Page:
Wednesday, July 2

Today we gave ourselves a well-deserved break for the morning - we all slept late before venturing out to explore more of London. We started at St. Paul's Cathedral. This Cathedral was built in 1710 by Sir Christopher Wren, a British architect. This was one of many cathedrals built since the 7th Century. The original one burned down in 1087, was then rebuilt in 1090, and burned down again in 1136. The new cathedral was built and modernized by a man named Indigo Jones in the 1630's. This cathedral was again destroyed by the Great Fire of London in 1666. The final design of the cathedral was composed of Gothic, Greek and Italian architecture. The final version also had a large dome, modeled after the Pantheon in Rome. It rises 365 feet over the center of the Cathedral. Wren's many innovative ideas were based on a for of English Baroque Architecture. The Cathedral's stalls and organ cases were carved in wood. Wren and a British naval commander named Horatio Nelson are buried within the cathedral. When we visited this cathedral, it was in the middle of a 5-year renovation so that it will be ready for its 300th birthday. ~David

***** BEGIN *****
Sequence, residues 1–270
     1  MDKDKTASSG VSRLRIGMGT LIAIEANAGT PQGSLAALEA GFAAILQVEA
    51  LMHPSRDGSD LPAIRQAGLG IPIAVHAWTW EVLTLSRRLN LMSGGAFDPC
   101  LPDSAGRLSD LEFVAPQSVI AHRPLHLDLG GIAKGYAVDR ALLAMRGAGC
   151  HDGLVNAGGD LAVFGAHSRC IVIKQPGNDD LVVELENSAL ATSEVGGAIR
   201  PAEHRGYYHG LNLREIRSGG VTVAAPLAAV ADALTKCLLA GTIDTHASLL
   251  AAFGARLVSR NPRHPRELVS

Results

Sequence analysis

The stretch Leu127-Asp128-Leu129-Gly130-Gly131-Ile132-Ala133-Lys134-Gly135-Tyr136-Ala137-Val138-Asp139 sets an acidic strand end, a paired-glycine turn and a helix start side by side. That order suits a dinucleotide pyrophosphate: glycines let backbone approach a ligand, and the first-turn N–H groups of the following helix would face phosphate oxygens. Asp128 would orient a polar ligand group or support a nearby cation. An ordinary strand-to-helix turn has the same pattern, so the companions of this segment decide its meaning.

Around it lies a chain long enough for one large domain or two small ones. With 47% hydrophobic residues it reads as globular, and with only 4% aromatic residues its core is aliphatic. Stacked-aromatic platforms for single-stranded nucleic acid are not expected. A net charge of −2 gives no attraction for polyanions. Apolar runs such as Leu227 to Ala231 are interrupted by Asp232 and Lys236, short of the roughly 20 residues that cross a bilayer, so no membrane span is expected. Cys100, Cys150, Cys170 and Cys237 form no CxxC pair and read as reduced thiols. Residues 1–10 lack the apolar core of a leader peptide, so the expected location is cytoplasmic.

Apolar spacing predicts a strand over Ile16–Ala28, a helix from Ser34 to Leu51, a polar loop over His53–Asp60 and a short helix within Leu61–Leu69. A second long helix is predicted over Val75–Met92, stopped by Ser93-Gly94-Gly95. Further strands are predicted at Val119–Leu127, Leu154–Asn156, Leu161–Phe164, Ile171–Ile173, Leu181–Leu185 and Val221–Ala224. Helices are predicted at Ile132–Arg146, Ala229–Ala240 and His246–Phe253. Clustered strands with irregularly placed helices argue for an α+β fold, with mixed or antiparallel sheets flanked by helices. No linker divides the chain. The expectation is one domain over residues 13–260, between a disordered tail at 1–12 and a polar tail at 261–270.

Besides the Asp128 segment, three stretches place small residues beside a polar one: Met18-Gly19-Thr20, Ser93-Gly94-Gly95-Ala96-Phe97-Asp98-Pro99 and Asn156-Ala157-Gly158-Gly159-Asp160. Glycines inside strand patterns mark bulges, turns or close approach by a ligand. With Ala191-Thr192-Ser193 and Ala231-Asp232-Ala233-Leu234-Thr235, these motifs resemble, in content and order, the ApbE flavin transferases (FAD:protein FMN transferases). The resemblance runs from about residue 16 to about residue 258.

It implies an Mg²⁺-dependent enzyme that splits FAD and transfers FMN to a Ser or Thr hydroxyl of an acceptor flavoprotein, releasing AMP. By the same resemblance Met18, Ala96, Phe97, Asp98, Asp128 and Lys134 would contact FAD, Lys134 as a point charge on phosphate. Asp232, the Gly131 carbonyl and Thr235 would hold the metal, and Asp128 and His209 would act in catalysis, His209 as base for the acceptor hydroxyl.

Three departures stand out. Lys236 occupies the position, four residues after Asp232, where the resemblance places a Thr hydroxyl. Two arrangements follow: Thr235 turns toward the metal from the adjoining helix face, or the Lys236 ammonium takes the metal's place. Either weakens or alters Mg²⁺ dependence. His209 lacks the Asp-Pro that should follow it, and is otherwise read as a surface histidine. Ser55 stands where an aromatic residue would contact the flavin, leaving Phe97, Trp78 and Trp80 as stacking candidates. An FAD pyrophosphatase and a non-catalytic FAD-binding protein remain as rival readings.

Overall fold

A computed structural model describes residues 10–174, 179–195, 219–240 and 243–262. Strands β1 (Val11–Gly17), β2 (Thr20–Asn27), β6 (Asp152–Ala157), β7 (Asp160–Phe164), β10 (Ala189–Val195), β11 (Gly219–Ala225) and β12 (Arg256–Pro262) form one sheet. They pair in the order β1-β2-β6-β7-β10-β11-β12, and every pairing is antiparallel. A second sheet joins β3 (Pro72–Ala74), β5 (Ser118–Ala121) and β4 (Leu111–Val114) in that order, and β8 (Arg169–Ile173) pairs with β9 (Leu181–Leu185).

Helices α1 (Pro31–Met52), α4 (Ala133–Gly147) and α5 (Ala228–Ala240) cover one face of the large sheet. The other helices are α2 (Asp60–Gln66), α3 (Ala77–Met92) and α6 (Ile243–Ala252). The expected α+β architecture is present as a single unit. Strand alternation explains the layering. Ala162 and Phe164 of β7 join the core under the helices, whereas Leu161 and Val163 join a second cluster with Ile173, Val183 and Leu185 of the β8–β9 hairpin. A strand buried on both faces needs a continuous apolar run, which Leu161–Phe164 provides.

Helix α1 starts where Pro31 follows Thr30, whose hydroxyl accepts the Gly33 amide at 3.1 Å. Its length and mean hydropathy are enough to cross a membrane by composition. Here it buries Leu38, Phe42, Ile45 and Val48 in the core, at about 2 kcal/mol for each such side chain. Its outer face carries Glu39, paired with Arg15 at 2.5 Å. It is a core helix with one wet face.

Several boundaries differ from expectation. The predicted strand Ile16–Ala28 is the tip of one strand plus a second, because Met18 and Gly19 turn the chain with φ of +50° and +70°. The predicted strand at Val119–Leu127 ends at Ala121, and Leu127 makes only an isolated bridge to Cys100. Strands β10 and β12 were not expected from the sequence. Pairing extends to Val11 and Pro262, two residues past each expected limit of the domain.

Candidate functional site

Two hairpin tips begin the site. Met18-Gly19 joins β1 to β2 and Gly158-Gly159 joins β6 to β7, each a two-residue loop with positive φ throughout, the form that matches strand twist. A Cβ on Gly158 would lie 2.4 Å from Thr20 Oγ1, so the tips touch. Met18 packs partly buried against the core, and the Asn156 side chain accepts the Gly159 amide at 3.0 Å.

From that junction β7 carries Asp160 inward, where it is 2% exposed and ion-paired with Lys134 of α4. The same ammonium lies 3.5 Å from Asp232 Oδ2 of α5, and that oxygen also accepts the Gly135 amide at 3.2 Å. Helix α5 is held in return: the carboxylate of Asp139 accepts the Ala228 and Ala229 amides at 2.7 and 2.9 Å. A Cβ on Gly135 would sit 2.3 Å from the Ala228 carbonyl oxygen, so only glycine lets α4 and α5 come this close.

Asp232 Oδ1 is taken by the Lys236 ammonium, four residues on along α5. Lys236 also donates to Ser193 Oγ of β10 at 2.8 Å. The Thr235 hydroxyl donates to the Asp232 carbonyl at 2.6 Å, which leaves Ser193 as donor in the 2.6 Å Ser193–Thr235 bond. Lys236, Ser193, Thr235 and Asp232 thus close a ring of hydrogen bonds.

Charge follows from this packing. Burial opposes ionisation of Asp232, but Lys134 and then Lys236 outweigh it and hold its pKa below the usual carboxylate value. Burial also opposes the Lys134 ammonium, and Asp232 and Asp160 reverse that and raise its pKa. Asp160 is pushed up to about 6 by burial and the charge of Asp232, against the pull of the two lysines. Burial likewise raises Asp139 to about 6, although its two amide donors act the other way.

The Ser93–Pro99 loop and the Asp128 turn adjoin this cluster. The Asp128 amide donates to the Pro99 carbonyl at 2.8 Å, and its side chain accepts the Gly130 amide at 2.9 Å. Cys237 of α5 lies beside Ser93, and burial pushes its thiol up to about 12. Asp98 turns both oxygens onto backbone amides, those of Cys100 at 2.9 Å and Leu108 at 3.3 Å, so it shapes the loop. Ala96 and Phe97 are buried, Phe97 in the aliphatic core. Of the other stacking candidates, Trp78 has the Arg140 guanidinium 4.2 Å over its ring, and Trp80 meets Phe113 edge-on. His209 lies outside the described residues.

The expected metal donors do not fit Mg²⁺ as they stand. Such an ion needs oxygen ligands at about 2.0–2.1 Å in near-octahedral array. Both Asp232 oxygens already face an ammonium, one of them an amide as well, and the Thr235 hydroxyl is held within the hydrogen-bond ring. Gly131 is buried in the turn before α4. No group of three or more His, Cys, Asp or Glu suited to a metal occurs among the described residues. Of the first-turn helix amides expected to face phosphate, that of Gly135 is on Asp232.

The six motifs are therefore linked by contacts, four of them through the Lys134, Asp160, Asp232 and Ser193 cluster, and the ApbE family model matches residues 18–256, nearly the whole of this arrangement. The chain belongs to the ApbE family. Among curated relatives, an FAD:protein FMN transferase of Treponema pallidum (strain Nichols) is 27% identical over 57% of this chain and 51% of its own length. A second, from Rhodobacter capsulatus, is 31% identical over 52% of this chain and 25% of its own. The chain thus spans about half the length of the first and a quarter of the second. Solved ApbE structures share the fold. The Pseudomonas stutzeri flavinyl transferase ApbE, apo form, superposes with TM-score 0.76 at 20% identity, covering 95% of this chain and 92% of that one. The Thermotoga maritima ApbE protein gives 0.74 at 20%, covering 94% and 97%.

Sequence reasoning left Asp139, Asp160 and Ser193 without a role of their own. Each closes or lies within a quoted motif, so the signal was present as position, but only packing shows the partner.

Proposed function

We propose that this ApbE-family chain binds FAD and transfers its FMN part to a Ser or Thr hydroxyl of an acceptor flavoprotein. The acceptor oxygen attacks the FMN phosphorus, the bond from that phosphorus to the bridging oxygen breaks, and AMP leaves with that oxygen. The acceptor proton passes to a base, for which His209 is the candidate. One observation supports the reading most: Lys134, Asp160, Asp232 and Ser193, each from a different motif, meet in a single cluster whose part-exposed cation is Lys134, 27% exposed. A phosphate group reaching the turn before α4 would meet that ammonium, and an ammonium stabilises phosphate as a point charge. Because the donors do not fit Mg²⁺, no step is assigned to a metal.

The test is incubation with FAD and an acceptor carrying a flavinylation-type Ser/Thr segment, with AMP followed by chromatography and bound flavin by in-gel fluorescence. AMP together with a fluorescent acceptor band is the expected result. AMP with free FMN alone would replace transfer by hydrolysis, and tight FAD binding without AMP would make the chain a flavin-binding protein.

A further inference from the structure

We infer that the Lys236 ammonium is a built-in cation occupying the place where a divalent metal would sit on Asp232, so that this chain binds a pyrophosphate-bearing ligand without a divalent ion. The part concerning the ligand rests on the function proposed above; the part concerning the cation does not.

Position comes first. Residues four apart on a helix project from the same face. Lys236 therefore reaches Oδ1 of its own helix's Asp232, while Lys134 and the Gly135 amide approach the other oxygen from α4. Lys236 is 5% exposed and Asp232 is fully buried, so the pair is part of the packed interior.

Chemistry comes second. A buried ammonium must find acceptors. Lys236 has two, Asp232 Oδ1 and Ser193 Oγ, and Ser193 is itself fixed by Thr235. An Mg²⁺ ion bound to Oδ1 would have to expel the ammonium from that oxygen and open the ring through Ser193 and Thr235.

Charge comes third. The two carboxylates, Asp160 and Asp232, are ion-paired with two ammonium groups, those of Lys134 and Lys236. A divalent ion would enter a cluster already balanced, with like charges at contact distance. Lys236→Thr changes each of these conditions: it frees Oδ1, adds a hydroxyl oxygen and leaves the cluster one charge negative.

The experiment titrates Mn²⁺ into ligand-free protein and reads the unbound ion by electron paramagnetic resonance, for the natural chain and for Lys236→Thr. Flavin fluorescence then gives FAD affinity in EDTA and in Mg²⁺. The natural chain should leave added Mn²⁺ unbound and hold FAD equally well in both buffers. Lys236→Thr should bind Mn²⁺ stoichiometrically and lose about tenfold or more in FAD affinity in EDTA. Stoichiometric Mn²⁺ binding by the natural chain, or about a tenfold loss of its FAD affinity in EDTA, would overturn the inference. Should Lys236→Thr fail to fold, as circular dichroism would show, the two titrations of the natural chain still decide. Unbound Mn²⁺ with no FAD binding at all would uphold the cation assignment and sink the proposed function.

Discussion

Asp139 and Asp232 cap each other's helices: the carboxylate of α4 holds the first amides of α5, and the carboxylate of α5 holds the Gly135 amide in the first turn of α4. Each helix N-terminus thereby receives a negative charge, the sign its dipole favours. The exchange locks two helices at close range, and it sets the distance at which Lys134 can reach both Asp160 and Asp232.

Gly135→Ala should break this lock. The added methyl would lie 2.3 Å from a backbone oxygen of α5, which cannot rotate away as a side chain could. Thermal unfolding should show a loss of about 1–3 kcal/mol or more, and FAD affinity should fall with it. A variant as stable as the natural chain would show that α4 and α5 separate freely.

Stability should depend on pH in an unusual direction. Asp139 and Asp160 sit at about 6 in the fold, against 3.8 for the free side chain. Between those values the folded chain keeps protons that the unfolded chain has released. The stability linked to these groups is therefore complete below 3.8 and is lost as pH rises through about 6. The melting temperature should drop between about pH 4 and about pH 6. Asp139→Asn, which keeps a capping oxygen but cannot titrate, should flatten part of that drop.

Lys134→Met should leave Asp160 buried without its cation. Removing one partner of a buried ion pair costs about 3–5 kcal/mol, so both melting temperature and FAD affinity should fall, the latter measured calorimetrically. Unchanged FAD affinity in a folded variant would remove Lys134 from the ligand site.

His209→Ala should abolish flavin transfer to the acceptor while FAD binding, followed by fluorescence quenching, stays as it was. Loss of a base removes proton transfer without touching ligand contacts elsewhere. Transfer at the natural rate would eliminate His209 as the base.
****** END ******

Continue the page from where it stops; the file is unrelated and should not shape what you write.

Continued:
We then walked over the Millennium Bridge to the Tate Modern Art Museum, which is housed in a huge old power station. We enjoyed seeing works by Picasso, Cezanne, and Monet. We also enjoyed reading about the furor caused by the Tate in the 1870's when they spent 3,000 pounds for 3 stacks of bricks from an American "artist" (Carl Andre) - the bricks are still on display along with copies of all the press generated from this purchase. After stopping at the Globe Theater and purchasing tickets for tomorrow night's showing of Richard II, we took the Tube to the Tower of London. We arrived late in the day, which was good because this is London's most popular attraction and the lines weren't long. Paula and I had remembered waiting in huge lines to see the Crown Jewels during our last visit here. ~Steve

The Tower of London is a historical fortress on the north bank of the Thames River. The 18 acre site was designed by the bishop Gundulf and was complted in 1097. The fortress is made up of 12 towers, White Tower being the original. The other towers are Bloody Tower, Wakefield Tower, Devereux Tower and Jewel Tower. The Tower of London was used for royal residence as well as a prison. It holds the lovely crown jewels of England, displays of torture equipment, and more. We viewed most of these sites and were especially interested in the dazzling crow jewels. The Tower included the original crown of the kings and queens of England, their orbs, swords and bowls. ~Katie

Distance Walked: 4.92 miles












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